The Center for Contemporary Political Art, a 501(c)(3) public corporation, will be the first research institute and exhibition space in the United States devoted to the study, patronage and strategic use of political fine art, continuing a tradition of fine art dating back at least to ancient Greece. Indeed, many of the greatest paintings and sculpture in the canon of Western art, from the carved portraits of Alexander the Great attributed to Lypossis (ca323-31) to Titian’s Las Furias (1548/49) to Picasso’s Guernica (1937) to Boris Lurie’s Adieu Amerique: Lumumba is Dead (1961), were created to convey political messages in the aftermath of war or to warn of impending crisis.
Mindful of that history and tradition, the new Center for Contemporary Political Art, to be located in Washington, D.C., will initially commission and exhibit fine art “in support of good governance and a just society for the Common Good of all Americans.”
Its first exhibit, Defining The Art of Change in The Age of Trump, will address the President’s character and his Administration’s policies and will be on display in Washington beginning September 30th through the November 6th mid-term elections.
Hoping to encourage more of the estimated 2 million artists resident in the United States to dedicate at least a part of their practices to political art, the Center’s first exhibitions will be “open call” exhibitions, open to all artists who wish to submit their work for consideration.
The “call notices” for these exhibitions will be informed by the findings of the Center’s Design Incubator, which will assemble teams of artists and social scientists to create the research instruments the Center will then use to focus its exhibitions and to determine what information, and which messages, the artwork in its exhibitions must communicate, to dispel myths and influence public opinion.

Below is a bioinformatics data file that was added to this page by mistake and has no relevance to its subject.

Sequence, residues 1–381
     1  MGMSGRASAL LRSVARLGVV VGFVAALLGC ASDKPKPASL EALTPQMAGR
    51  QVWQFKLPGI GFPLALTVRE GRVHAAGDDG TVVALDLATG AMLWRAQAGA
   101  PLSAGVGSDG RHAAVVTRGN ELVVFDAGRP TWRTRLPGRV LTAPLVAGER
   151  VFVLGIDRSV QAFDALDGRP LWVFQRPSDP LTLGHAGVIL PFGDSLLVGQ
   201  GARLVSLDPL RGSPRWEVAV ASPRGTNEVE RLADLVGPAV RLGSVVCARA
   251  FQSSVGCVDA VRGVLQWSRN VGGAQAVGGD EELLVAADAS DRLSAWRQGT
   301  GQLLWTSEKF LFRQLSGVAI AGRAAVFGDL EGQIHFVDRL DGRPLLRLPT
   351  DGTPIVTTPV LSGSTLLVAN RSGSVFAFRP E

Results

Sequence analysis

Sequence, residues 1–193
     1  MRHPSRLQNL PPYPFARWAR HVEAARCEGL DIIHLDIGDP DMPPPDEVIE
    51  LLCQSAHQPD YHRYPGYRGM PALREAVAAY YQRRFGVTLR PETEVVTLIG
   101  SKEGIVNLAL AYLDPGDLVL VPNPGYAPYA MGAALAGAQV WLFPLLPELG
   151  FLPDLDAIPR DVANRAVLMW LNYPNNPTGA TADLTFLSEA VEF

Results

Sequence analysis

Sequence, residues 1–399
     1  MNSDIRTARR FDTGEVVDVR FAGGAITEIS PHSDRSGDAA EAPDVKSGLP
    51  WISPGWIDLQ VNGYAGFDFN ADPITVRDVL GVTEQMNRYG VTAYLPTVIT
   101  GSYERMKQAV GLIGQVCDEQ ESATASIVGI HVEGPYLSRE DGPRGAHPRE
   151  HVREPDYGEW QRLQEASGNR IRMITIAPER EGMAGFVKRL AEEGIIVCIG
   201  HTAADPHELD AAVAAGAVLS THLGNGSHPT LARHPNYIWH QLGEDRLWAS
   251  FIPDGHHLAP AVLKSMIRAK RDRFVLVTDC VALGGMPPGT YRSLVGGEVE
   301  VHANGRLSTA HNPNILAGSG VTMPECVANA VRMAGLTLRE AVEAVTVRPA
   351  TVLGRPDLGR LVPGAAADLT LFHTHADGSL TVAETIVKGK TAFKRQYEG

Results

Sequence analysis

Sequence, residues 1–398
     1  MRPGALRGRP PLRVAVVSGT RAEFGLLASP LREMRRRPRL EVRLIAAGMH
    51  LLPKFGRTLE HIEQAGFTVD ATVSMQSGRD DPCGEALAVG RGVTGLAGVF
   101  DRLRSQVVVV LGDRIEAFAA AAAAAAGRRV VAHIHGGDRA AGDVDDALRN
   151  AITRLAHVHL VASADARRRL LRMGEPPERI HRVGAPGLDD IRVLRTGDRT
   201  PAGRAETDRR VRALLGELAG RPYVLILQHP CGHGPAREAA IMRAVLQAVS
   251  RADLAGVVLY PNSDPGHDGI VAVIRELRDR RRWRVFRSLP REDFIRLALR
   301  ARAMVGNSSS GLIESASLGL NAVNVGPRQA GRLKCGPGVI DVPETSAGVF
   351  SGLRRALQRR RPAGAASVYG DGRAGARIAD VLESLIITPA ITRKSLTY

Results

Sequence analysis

Believed to be the first arts organization in the country with a mandate to “actively engage” in the national debate over contentious issues such as health care, immigration, tax policy, presidential leadership, corruption and foreign meddling in U.S. elections, the Center will develop a sophisticated social media presence; host an Annual Lecture and Awards ceremony; organize a speakers program and conference series at the Center; and allow like-minded advocacy groups to use images of the artwork exhibited at the Center for their own outreach campaigns, free of charge.
The Center’s exhibitions will empower the Nation’s visual artists; providing, for the first time, an institutionalized means by which they can express their political views and use their creativity and talent to actively engage with, and influence, policy makers and policy outcomes. The Center believes that facilitating their active engagement will help restore a once-vital part of the democratic process in the United States, the give-and-take of public debate, that’s been largely lost due to the corrosive effect of Big Money, backroom politics brought about by Citizens United.
Beyond demonstrating the power of fine art to inspire and influence needed social and political change, the Center hopes to serve as a model for other public institutions that wish to encourage the political consciousness and cohesion of America’s Creative Class. Longer term, the Center hopes the impact of its exhibitions will help establish political and socially-engaged art as the defining Art of the 21st Century.